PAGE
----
Kādu, the great and celebrated fruit of the Asiatic Archipelago called in Malay Durian, Durio Zibethinus of the natural family of Bombaceae.
Kadudukan, an employment, an office, a post of honour; rank. Kadudukan adipati, the rank of an Adipati. Tachan bogah kadudukan, he has not yet got employment or a situation.
Kaduga, to undertake, to take in hand; to reckon to be able. To kaduga, I cannot venture to undertake it See Duga.
Kaduhung, vexed, sorry for any act; inwardly regretting.
Kadut, a bag, bagging made of shreds of Palm leaves, especially of the Gěbang Palm, and much used for the sails of small native craft.
Ka-éntét, joined together, tacked or tied together. Adhering to each other.
Kagét, startled, put in trepidation. The more usual word is Rowas. It is also used in the construction of sentences as a word of apposition or contrast, what then, how if, suppose that, but if, but then. Kagét to di béré, but suppose he does not give to me. Kagét datang , but then he came. (59).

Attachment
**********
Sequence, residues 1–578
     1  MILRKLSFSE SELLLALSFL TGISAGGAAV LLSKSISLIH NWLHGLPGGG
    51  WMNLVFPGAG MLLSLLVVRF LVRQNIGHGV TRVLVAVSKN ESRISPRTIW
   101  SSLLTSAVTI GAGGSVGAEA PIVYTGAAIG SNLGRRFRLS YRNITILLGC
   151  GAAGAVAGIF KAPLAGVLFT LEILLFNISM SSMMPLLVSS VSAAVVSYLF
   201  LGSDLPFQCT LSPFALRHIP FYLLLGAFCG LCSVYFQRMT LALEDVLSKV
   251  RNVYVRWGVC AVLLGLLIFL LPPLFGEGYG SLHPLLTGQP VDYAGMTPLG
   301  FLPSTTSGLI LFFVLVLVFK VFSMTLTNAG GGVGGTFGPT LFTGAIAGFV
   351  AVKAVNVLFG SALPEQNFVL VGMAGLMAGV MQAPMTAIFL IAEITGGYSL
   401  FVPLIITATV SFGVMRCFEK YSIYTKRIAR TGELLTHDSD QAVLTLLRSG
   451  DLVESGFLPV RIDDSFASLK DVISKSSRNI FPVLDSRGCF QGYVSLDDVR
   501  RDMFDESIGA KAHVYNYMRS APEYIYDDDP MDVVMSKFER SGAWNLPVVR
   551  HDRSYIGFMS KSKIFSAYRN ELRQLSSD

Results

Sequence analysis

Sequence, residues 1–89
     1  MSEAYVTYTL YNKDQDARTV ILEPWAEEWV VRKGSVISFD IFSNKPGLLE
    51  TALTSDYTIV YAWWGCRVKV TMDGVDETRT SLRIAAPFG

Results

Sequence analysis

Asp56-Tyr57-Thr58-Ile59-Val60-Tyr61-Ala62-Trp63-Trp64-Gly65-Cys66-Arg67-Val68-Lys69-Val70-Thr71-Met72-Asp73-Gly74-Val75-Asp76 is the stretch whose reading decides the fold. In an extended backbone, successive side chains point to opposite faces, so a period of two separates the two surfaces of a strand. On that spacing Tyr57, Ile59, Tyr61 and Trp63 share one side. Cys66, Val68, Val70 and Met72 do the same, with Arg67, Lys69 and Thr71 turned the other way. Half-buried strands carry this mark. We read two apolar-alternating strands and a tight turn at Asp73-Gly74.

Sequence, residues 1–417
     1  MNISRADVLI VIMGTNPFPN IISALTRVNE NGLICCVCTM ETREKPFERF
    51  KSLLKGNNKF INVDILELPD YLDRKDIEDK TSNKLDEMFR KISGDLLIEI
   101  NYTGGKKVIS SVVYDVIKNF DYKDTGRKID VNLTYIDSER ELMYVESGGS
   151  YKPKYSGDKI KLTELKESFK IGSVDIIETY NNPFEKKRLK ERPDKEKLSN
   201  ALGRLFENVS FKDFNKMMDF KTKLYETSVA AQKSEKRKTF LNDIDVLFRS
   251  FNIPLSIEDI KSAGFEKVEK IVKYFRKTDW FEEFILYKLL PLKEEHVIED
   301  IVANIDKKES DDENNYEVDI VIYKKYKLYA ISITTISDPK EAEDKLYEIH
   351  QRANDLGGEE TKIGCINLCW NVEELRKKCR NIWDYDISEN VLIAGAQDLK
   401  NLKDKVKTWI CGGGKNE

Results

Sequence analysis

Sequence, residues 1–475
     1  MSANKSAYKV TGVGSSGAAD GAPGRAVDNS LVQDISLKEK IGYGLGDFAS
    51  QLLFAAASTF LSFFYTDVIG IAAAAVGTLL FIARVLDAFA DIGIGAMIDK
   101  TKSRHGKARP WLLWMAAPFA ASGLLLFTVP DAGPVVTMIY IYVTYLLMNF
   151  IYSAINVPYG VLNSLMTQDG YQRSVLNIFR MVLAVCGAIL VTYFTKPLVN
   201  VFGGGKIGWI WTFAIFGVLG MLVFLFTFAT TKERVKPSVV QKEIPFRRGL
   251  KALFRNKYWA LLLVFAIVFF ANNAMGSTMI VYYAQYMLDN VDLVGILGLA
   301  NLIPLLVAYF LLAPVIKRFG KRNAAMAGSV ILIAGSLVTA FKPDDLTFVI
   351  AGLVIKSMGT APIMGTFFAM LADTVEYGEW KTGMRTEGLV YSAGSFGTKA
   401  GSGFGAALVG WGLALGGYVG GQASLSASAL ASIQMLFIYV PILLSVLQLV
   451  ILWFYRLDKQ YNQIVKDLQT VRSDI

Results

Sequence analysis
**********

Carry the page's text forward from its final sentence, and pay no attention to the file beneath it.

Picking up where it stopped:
Kagol, any thing which is out of place, out of season, not opportune. Unseasonable, occurring at a wrong time. Put out of your routine. Something being in the way which prevents your acting. Jadi kagol ku batur, I become disappointed on account of my neighbours. (Is known at Batavia).
Kagugu, tickled with an idea; having a mixture of surprise and indignation about any matter.
Kagung'an, Highness- derived from Agung, principal, chief, with the pre- and suffix Ka and an. Kagung'an Raden Adipati, His Highness the Raden Adipati. Kuda kagung'an, your honour's horse.
- (59) In Kawi it is kagiat; Jav. and Batavian kagêt; on a golden ring from Java kajêt; Malay kějut and another Javanese form is kějût. Fr.
Scr. ghota. But even this derivation is no more than a conjecture. The name self dragon's tail is not an كدو (Kĕdu) in Marsdens Malay dictionary leaves it uncertain if the e be long or short. In the first case we expect a ي after the ك; the latter case is very improbable, when the word is to be derived from Kêtu. After all I know from inscriptions a name Iwarahu, which must have been a place of notice in the northeastern part of Java- and it means like Rahu who is the upper part of the dragon, and always desirous to devour the sun or the moon. Fr. one, why should it have been given to such a fine, celebrated country? Kaduwa might be Khadga, on Java however such an alteration seems not to be admissible. We might find perhaps the Etymon of the word in any of the Polynesian languages. The writing